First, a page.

Jean-Jacques Cornish

Rubber bullets fired at Mabopane looters

Police fired rubber bullets and live rounds at looters in a mall north of Pretoria last night  where two bodies were discovered earlier bringing the death toll in pre-election violence in the South African capital this week to five.

The violence dashed hopes that order was returning to the streets after protests against the ANC leadership naming a Zulu mayoral candidate for local elections in August.

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Mabopane north of Pretoria has been a hotbed of violence since Sunday, with protestors burning buses and looting foreign owned shops.

ANC Mayoral  candidate Thoko Didiza, a former cabinet minister, insists she’s not the reason for the unrest.

Originally from KwaZulu/Natal she has been made to feel welcome since taking up home in Pretoria more than a decade ago.

She’s never felt foreign in the capital and is convinced the violence following her nomination does not reflect the feelings of the community.

Once again last night police were engaged in running battles   with residents who turned to looting.

They’re demanding the incumbent Mayor Kgosientso Ramokgopa  be retained.

State Security Minister David Mahlobo says the violent protests have been well planned and coordinated.

Defence Minister Nosiviwe Mapisa Nqakula says law enforcement agencies won’t allow anarchists and gangsters to take over the capital.

Authorities have denied reports that police were  under resourced in facing the demonstrators.

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Jean-Jacques Cornish is a journalist and broadcaster who has been involved in the media all his adult life.

Starting as a reporter on his hometown newspaper, he moved briefly to then Rhodesia before returning to South Africa to become a parliamentary correspondent with the South African Press Association. He was sent to London as Sapa’s London editor and also served as special correspondent to the United Nations. He joined the then Argus group in London as political correspondent.

Returning to South Africa after 12 years abroad, he was assistant editor on the Pretoria News for a decade before becoming editor of the Star and SA Times for five years.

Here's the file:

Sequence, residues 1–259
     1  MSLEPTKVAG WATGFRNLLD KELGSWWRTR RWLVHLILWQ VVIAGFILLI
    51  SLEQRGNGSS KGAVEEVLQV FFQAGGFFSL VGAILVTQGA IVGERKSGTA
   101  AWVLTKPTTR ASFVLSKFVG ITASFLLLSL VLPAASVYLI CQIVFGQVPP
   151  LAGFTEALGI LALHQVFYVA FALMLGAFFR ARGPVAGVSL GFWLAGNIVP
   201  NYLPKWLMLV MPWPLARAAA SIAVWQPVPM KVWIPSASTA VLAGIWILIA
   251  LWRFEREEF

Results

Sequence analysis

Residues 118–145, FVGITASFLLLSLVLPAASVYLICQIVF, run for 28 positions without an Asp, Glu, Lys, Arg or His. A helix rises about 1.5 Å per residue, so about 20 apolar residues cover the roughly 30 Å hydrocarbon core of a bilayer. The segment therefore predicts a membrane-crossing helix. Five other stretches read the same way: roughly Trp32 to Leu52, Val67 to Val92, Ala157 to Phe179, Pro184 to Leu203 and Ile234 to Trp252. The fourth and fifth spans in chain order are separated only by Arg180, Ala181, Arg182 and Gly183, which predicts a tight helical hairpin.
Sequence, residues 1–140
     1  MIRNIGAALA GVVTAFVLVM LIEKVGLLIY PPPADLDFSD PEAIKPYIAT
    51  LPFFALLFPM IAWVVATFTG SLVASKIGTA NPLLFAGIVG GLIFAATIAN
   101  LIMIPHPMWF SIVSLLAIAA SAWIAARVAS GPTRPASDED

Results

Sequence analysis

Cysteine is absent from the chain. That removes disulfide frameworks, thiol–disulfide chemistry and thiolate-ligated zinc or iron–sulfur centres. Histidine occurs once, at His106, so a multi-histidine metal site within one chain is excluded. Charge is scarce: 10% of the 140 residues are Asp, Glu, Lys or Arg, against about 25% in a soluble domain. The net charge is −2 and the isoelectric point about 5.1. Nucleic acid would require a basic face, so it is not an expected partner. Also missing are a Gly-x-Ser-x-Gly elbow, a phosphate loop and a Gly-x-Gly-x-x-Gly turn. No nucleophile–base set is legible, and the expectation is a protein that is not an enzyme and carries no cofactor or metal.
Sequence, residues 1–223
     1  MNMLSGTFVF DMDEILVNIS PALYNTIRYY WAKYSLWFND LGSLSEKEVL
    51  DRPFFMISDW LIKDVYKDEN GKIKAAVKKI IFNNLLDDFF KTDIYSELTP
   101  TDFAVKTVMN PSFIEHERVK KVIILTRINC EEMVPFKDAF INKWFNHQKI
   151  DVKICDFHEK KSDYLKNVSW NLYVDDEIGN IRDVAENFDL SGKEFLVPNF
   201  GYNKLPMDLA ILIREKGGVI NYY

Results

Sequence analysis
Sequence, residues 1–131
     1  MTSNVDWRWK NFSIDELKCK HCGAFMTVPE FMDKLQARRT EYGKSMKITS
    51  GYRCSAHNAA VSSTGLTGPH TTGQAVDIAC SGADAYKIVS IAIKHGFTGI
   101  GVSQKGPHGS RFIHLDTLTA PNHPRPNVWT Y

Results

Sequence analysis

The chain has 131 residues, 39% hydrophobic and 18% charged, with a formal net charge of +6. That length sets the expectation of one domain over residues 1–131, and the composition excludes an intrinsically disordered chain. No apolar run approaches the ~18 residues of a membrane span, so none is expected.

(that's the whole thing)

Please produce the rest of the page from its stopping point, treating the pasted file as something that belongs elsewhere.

Since 1999 he’s been an independent journalist writing and broadcasting – mainly about Africa – for Talk Radio 702 and 567 Cape
Talk, Radio France International, PressTV, Radio Live New Zealand, Business Day, Mail & Guardian, the BBC, Agence France Press,
Business in Africa, Leadership, India Today, the South African Institute for International Affairs and the Institute for Security Studies.

He has hosted current affairs talk shows on Talk Radio 702 and 567 Cape Talk. He appears as an African affairs pundit on SABC Africa and CNBC Africa.
He lectured in contemporary studies to journalism students at the Tshwane University of Technology and the University of Pretoria.

He speaks on African affairs to corporate and other audiences.
He has been officially invited as a journalist to more than 30 countries. He was the winner of the 2007 SADC award for radio journalism.

He’s been a member of the EISA team observing elections in Somaliland, Democratic Republic of Congo, Madagascar, Zimbabwe, Egypt and Tunsiai.

In October 2009 he headed a group of 39 African journalists to the 60th anniversary celebrations of the Peoples’ Republic of China.

In January 2010 he joined a rescue and paramedical team to earthquake struck Haiti.

He is immediate past president of the Alliance Francaise of Pretoria.

Jean-Jacques is a director of Giant Media. The company was given access to Nelson Mandela in his retirement years until 2009.
He is co-producer of the hour-long documentary Mandela at 90 that was broadcast on BBC in January 2009.